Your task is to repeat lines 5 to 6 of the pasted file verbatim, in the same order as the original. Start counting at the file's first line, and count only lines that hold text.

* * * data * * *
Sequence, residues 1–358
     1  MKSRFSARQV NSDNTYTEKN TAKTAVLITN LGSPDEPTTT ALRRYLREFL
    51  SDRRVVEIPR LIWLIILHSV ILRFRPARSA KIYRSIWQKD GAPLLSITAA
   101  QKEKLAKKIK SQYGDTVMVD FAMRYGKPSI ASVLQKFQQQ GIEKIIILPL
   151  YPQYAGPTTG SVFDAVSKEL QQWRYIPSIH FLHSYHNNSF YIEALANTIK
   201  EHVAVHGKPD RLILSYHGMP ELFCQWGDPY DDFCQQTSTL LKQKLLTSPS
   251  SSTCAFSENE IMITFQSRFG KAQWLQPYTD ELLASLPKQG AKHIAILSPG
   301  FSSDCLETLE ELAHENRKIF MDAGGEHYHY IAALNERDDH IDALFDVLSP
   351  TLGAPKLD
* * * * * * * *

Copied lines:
   151  YPQYAGPTTG SVFDAVSKEL QQWRYIPSIH FLHSYHNNSF YIEALANTIK
   201  EHVAVHGKPD RLILSYHGMP ELFCQWGDPY DDFCQQTSTL LKQKLLTSPS